Two people. A single room. One enormous cat and mouse conversation.

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Writer/director John Winter’s strange and seductive vaudevillian one setting power play between a sex worker and a male interviewee is black and white only in a literal sense — soaked in a smoky monochrome and lit and edited to charcoal-infused perfection. The grasp and depth of the screenplay is anything but.

In Black & White & Sex, a sex worker named Angie is interviewed by a filmmaker who drills her about life as a prostitute, spanning everything from notions of self-respect to the dirty details. The conversation takes odd twists and turns; the power dynamic shifts; insecurities and motivations are slowly extracted.

In the spirit of offbeat American indies such as Todd Solondz’s Palindromes (2004) and Todd Haynes’ Bob Dylan biopic I’m Not There (2007), the protagonist is played by multiple actors (there are eight). Unlike those films, however, the central character in Winter’s fiercely original debut doesn’t suffer from the disconnect. Angie grows ever more fleshed out and complex, fed by a group of outstanding performances that add individual whiskers of flair to the roar of a feisty, strong-willed, world-weary character but show an understanding and continuity so tight it borders on the bizarre.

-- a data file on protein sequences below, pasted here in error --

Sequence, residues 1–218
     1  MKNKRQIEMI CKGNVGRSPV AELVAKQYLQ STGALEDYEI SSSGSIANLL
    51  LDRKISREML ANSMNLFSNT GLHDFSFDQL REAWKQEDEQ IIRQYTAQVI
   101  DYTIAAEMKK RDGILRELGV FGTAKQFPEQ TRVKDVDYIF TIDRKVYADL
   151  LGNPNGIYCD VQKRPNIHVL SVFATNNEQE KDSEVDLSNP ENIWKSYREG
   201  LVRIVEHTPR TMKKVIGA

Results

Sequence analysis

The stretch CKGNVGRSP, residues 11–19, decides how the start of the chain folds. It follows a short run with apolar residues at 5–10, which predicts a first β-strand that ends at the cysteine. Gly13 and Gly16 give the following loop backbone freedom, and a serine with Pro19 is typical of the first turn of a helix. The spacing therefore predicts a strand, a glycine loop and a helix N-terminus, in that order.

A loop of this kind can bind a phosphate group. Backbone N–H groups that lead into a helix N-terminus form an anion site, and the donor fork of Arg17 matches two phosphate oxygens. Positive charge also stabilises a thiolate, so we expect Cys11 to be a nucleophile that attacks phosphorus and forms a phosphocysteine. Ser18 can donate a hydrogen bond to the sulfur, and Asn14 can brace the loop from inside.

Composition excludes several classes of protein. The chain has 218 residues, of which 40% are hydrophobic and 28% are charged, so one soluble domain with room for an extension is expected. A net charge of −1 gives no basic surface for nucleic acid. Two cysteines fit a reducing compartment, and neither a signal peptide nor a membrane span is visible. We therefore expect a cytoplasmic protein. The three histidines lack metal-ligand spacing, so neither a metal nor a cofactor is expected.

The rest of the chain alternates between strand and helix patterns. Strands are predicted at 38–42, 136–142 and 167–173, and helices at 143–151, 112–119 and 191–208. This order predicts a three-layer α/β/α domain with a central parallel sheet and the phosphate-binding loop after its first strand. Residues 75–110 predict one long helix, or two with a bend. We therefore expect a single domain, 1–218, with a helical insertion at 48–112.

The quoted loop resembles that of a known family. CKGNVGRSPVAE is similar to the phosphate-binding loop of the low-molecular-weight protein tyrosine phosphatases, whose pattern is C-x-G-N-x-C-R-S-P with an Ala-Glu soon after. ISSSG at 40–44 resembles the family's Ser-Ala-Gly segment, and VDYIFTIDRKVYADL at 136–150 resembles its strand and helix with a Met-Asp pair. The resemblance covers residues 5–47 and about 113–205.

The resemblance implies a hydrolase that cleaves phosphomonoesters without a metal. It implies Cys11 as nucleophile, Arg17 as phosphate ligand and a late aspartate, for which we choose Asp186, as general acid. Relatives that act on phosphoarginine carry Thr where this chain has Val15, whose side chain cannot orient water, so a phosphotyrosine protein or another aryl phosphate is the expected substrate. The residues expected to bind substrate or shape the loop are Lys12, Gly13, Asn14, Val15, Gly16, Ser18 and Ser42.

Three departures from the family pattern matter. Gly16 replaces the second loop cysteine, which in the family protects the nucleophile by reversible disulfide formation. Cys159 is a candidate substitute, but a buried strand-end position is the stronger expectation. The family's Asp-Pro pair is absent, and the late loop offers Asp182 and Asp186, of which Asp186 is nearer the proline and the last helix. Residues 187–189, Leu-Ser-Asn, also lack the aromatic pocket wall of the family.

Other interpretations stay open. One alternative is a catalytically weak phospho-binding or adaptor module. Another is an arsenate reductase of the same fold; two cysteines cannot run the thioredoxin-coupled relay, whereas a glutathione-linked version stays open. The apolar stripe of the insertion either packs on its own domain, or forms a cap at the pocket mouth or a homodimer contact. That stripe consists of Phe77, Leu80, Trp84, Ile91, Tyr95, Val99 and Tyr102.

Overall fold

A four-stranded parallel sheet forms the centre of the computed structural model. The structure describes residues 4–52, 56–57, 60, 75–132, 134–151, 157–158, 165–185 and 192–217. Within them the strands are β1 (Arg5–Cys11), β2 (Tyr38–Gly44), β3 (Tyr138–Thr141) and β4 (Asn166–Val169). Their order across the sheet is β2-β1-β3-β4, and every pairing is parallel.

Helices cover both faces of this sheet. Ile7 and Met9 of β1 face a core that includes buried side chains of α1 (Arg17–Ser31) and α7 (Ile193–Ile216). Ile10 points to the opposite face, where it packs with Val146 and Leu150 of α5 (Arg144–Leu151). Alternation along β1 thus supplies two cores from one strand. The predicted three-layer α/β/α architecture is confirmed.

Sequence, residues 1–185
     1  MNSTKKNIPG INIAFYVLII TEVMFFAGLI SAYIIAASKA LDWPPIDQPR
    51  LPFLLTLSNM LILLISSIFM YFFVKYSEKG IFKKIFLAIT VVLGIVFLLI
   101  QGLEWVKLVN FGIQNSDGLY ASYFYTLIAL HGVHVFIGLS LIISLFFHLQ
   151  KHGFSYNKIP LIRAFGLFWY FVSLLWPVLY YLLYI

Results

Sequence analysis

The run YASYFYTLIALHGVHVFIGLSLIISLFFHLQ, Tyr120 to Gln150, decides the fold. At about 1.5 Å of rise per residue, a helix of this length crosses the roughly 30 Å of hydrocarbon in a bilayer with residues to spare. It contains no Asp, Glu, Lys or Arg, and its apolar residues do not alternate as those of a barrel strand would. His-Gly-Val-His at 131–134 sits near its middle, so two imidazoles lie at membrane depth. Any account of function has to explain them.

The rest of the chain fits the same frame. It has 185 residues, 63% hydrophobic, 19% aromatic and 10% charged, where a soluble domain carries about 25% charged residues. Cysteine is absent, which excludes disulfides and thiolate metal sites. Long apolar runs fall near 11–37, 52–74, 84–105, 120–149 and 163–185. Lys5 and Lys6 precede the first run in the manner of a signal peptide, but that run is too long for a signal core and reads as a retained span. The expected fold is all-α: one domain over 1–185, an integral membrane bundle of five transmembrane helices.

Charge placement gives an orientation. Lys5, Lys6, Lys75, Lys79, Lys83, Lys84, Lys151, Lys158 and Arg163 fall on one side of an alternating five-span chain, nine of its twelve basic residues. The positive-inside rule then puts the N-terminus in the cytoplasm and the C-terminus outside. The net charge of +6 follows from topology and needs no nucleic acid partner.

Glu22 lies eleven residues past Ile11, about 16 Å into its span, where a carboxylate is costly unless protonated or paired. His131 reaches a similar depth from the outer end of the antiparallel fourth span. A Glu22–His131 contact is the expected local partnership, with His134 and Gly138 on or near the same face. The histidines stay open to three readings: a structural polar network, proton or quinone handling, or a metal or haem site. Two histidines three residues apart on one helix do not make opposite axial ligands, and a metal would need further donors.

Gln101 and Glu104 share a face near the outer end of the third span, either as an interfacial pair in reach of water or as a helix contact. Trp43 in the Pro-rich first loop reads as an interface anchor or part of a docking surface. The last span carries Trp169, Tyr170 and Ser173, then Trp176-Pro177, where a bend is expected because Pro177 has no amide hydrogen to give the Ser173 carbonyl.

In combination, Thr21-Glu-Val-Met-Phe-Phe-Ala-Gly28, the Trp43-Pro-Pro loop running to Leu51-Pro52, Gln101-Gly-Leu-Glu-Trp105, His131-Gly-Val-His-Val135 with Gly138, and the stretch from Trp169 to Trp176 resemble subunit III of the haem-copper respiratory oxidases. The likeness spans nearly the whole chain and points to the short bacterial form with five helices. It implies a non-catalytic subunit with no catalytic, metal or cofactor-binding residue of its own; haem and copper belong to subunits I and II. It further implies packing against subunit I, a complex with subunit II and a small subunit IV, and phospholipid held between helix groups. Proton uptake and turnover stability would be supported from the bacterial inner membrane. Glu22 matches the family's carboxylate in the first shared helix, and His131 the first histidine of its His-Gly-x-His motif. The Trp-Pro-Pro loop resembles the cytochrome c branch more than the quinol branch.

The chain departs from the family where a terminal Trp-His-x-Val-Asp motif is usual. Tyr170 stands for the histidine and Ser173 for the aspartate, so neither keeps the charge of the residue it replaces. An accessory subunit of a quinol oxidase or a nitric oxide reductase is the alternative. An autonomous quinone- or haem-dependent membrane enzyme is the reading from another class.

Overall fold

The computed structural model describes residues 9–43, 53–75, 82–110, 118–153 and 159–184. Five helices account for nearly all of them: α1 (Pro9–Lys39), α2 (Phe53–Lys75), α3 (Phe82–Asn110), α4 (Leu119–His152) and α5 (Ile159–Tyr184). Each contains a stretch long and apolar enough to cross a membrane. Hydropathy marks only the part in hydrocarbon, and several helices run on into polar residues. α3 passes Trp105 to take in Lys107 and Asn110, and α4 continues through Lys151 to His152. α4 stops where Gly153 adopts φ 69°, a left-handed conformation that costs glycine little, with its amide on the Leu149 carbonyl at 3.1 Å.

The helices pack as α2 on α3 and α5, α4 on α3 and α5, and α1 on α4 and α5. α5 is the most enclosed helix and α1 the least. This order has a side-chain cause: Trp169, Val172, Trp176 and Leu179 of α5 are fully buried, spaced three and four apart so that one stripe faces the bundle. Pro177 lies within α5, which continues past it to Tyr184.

Black & White & Sex is overtly self-conscious. It’s a film within a film, stars actors who play the same character, has technical flourishes (namely a double split screen) that separate, if for a moment, the audience from its internal reality and contains dialogue with numerous references to the production process: audition, performance, casting, the title, etcetera. The quality of the dialogue is first-rate, with plenty of quality lines for hungry actors to relish (“If you make a cup of tea, that has no moral dimension. If someone puts arsenic in it, then it does,” scoffs a piqued Angie). And crucially, the ebb and flow of the conversation maintains throughout.

The film industry, so the common wisdom goes, is chocked to the gills with carbon copy cinema, stuffed like a poisoned piñata with the bile and fluid of a zillion regurgitated ideas. Here is a bold, audacious and throbbingly original Australian film, particularly palatable for viewers partial to edgy, intimate and explorative interpersonal dramas.

Black & White & Sex’s Australian theatrical release date: March 22, 2012.

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Peter Fray
Peter Fray
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